Films About Women Part 9

1 Rebecca

Rebecca tells the story of an unnamed heroine who marries a wealthy gentleman named Mr. DeWinter. The main character arrives at Manderly, his great estate, with no experience running a great house. (Think Downton Abbey.) At his house, she discovers that the house is haunted, not by a ghost, but by the memory of Mr. DeWinter’s previous wife, Rebecca. The main character is also haunted by Mrs. Danvers, the sinister housekeeper who is very devoted to the memory of her late mistress. It is a very gothic film, and a film about a very English subject (the slightly sinister great house where there are some kinds of terrible secrets). Ironically, this is the first film Hitchcock made in America. All of his previous films were made in Britain, but he was lured to Hollywood by the promise of more money and better toys (technology and production.) Ironically, it was the low budget and resources in Britain that led to one of the most iconic features of his films. Apparently, Hitchcock had little money originally to buy extras for big crowds. Instead, he and all the crew, had to appear as extras in the film. This is the genesis of the famous Hitchcock cameo tradition.


A few series ago, I talked about how David O Selznek’s had a vision of film as a verbal medium. Alfred Hitchcock’s use of film as a visual medium would shortly become the dominant view. This film, produced by Selznek and directed by Hitchcock, shows both styles. The film is very much a product of its time, and yet, I feel that it transcends its time in some way. I chalk that up to how it was shot, as well as to the wonderful character of Mrs. Danvers. It’s a film about what it is like to live in someone else’s shadow, as well as what it is like to have a terrible secret. Mr. DeWinter has a terrible secret about his first wife, Rebecca, and the revelation is actually a wonderful twist.

2 The Help

Based on Kathryn Stockett’s wonderful novel, this film is a very moving depiction of life in Mississippi during the Civil Rights movement. To me, and I think to many people, Mississippi is the heart of the South. When I think of Deep South, I think of Mississippi. It has a reputation for being backwards about race relations. (I saw a documentary about a Mississippi high school’s first ever interracial prom. In 2008.)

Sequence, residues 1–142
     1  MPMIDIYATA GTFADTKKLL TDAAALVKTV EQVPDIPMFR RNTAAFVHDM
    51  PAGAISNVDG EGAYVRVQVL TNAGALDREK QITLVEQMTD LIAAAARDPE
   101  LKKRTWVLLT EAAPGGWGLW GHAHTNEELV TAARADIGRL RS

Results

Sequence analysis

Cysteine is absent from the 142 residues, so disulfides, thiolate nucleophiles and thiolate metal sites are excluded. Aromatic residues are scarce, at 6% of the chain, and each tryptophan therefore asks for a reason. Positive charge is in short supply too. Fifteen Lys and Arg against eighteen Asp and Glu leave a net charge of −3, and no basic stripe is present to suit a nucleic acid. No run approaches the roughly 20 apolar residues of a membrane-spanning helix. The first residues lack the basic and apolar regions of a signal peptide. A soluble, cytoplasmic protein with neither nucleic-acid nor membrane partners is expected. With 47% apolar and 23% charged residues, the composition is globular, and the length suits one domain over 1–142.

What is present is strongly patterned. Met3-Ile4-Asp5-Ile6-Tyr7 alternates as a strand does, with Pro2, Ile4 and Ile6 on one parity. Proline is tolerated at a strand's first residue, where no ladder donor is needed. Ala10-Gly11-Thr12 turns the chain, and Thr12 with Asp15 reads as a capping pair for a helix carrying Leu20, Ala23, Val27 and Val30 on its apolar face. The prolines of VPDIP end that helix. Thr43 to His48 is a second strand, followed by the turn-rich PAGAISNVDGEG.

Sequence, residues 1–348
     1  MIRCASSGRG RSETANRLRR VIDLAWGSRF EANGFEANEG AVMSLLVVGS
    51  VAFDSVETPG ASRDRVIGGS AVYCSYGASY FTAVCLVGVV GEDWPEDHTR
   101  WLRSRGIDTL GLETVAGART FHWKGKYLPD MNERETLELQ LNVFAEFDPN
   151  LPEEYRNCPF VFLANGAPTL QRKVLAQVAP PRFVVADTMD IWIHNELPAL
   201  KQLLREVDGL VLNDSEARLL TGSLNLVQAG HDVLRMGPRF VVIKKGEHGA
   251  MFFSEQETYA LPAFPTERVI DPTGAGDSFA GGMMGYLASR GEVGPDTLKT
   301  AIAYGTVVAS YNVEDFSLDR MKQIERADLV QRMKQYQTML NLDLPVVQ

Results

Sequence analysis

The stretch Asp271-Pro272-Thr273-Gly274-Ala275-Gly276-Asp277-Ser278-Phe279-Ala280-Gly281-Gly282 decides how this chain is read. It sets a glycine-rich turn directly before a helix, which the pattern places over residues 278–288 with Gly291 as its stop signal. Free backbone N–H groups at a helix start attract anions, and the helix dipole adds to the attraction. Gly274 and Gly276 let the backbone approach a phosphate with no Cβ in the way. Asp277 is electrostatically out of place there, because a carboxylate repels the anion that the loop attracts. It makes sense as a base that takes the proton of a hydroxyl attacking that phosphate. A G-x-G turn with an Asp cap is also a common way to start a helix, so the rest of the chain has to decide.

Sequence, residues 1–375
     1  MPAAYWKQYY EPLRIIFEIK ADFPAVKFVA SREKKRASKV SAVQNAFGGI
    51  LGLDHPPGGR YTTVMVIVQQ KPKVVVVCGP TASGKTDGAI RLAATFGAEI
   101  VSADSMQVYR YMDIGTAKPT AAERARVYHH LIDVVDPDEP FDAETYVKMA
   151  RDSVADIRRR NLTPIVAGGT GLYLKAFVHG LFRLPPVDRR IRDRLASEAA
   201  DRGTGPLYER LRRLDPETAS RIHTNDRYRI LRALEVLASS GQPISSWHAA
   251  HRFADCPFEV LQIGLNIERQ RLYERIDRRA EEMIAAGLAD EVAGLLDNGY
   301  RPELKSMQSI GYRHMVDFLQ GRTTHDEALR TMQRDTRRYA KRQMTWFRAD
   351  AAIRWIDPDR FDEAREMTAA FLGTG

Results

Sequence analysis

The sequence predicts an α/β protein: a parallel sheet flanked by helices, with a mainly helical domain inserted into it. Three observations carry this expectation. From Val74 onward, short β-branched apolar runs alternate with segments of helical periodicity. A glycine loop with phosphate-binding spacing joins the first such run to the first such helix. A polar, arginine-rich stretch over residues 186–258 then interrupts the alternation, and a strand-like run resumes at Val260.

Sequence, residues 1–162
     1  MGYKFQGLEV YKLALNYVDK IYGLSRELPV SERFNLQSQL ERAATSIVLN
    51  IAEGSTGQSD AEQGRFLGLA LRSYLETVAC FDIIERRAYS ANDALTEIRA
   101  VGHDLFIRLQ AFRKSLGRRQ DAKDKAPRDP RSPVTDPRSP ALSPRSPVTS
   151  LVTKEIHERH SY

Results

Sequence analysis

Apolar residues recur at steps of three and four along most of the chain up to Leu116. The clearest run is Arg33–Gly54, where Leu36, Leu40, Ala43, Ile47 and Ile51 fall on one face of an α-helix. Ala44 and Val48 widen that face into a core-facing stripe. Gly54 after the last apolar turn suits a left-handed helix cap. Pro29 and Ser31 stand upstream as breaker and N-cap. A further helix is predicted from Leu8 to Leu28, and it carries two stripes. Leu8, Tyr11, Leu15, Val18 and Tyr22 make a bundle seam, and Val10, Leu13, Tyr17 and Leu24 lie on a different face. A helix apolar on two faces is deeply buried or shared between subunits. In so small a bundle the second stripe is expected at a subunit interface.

However, Mississippi is also the land of Faulkner, one of the greatest American writers of the 20th century. (Sadly, I admire him more than I like him.) The South is also known for its writing tradition. Kathryn Stockett, in her first novel, shows that she is firmly a novelist in this tradition. She is patient. I’m not saying she’s a writer of the status of Faulkner, I am just saying that she is a patient writer, taking the time to set the scene and building the plot. (Go read the book. It is a wonderful book.)

The Help talks about the plight of the African American maids and nannies in the South. Gone With the Wind, and many other older stories, revered the Mammy character, who devotes her whole life to the white family. Skeeter, the white daughter of a local wealthy family, wants to expose the realty behind that myth. She recruits two women to tell their stories, the good, the bad, and the ugly, so that she can publish a book. This film stars Emma Stone, Viola Davis (whom I love!) and Octavia Spenser, who received an Academy Award for her portrayal.

The film has some wonderful performances and a great color palate. I also love the costumes.
3 Chicago

I finish it off with the film Chicago. It’s a musical about Roxie Hart and Velma Kelly, women who hope to use their murder trials to propel them to stardom.

This film gets a certain amount of hate because it won best picture instead of The Pianist. Nonetheless, this film is fun. It’s got good performances from the main leads, and for my money, it’s very entertaining. I bought the score when the movie came out and I still love it. It’s colorful, and it also has a unique solution to the “musical problem.” The common argument against musicals today is that the audience will not accept people singing and dancing. To counteract that, the film shows Roxie as imagining nearly all of the musical numbers.

Chicago musical movie

I love the cinematography of this film, and the music is so catchy. I love singing along with it. I love how the musical numbers are staged. I love how the choreography, the sets, and the costumes reinforce the story and the point of view of the song. The best example of this is “We Both Reached For the Gun,” which is staged with the dancers acting like mannequins in the background.

Was it the best picture of 2002? Only time will tell.

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